Has definition of kayak "evolved" ?

Yeah, I just can’t make myself care…
… about this either. Naturally if I’m talking to someone I just met and they say they go kayaking, or that they call themselves a kayaker, my own background interests will allow me to ask whatever questions I wish which will clarify exactly what it is that they do. If they’ve done 50-mile crossings in fog or rough weather, I’ll know they won’t be inviting me on such trips, and if all they do is poke around near shore in a fat rec boat, I’ll know not to invite them on a long river trip, or one that requires good maneuvering and river-reading skills. Either way, they are happy and so am I, so I just can’t imagine a reason to worry about applying strict boundaries to this terminology.

“Canoe” and "kayak"
Think of these words as verbs, not nouns, and you have your answer.


Unless you are from Europe, in which case you may come to the opposite answer.

no like button but i +1 you on pnet

Speaking of which…
… when did it become okay for a whitewater kayak to look a whole lot more like a fishing lure than a traditional kayak, both in terms of its size and shape? We call them kayaks, but I bet if you could go back in time and show whitewater kayakers of the 60s and 70s a modern playboat, their initial reaction would be “what the hell is that thing? THAT’S not a kayak!”

Lines blurred
I think the lines blur a bit between kayak and canoe when you start trying to define one or the other.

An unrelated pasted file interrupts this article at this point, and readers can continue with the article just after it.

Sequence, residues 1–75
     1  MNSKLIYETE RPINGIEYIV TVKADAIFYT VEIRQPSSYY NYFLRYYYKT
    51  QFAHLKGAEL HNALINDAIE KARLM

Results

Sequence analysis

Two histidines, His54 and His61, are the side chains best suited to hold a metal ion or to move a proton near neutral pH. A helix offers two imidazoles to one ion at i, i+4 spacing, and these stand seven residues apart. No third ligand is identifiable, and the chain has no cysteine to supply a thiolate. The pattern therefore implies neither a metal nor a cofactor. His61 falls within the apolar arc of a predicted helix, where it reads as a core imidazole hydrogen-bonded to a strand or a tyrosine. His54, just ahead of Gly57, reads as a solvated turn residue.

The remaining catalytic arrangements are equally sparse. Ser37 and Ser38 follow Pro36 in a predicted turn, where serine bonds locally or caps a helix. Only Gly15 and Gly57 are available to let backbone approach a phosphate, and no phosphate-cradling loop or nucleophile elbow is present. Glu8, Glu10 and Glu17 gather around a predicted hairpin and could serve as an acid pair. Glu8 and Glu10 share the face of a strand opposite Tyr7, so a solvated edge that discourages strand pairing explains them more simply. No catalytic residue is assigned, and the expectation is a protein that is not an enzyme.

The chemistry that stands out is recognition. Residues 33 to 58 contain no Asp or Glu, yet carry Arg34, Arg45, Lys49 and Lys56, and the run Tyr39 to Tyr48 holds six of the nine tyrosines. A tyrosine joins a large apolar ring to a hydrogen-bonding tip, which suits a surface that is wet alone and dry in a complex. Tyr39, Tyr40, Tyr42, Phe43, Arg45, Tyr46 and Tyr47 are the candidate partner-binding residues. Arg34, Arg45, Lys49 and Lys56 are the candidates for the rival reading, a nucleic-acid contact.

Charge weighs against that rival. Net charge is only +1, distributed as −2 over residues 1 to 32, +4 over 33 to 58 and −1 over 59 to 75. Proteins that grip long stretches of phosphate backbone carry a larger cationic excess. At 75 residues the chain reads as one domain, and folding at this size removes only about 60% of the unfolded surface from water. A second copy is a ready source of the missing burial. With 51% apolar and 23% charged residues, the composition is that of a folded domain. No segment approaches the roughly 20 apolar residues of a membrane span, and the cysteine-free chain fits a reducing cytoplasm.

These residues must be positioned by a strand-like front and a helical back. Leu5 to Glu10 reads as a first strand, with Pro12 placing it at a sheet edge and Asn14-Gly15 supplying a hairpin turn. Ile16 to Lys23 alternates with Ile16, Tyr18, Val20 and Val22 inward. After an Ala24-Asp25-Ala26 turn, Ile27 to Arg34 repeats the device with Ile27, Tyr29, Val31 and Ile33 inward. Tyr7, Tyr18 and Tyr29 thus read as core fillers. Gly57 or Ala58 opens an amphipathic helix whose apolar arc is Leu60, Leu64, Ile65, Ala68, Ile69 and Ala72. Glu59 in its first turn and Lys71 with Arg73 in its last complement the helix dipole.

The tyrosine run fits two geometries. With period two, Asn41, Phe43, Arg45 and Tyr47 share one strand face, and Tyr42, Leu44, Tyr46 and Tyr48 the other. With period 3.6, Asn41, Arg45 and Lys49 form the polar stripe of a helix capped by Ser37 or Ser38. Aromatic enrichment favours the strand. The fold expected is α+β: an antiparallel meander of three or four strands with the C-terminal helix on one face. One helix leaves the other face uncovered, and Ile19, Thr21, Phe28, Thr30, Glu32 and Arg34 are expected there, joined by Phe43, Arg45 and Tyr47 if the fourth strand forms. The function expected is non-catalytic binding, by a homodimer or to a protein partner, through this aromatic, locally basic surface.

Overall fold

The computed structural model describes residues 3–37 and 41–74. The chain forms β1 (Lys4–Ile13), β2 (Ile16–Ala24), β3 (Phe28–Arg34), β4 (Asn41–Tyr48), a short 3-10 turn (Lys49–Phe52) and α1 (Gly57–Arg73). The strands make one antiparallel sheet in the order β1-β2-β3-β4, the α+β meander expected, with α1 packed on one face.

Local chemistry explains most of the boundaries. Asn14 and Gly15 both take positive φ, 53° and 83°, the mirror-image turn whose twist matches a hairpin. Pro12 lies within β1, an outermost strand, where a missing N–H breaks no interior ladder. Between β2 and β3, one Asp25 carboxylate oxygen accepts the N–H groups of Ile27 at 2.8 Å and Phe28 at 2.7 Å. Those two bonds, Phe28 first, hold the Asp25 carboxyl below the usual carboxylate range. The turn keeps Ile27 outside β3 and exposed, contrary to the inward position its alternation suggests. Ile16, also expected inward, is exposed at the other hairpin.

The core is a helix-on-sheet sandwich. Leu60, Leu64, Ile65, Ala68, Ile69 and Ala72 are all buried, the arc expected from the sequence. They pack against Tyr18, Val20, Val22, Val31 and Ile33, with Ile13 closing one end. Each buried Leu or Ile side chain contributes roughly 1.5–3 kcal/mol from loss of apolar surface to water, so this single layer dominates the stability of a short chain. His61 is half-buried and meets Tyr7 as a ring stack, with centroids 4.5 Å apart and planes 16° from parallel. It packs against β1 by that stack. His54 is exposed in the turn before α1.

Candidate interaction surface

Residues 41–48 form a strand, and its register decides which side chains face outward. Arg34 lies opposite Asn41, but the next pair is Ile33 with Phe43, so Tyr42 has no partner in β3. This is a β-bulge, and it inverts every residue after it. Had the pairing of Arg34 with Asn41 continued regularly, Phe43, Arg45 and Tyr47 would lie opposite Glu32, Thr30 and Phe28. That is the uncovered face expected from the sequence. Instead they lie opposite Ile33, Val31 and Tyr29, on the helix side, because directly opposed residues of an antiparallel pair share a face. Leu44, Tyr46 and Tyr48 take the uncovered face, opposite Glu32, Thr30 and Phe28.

Kayaks are generally decked…but there are decked canoes. Canoes are generally knelt in…but there are canoes you sit in.

Canoes you sit in generally have a seat…but there are pack boats where you sit on “the floor”

Either boat can be paddled double or single bladed.

I think that to define a kayak versus a canoe that the amount of draft would be a critical factor.

Good point above about rec boats getting more people involved in kayaking. I can buy that. But still don’t necessarily concede that they are kayaks. They are…boats. And there is nothing wrong with boats. I just prefer kayaks and canoes…ha, ha.

By the way, I play miniature golf…can I tell others that I am a golfer? I am sure that miniature golf has caused the sport of golf to grow. It’s still golf right?

I have a BMX bike too, so I also consider myself an avid cyclist.

I know, I know. I am pushing it. Sorry.

I agree that there are blurred lines. Just frustrating a little when no one understands your sport because all they can envision is the “miniature golf” version of that sport and most people have absolutely no concept of what…true…sea kayaking is about.

While both sports have their place and merit, I would argue that they are rather distinctly different.

With all due respect of course…

Heck, when questions of a definition comes up isn’t it reasonable to first look at a dictionary? As paddlers I think we’re a bit inclined to add items to a cluster - but those are more specific definitions than those used by the rest of the world.

To a sailor or a navy man a ship and a boat are very different things, but not to most users of the English language.

My Webster’s New World says a kayak is 1)an Eskimo canoe* made of skins completely covering a wooden frame except for an opening in the middle for the paddler* 2)any similarly designed canoe* for one or two paddlers* made of canvas, plastic, fiberglass, etc.

A canoe is a narrow light boat with its sides meeting in a sharp edge at each end: it is moved by one or more paddles.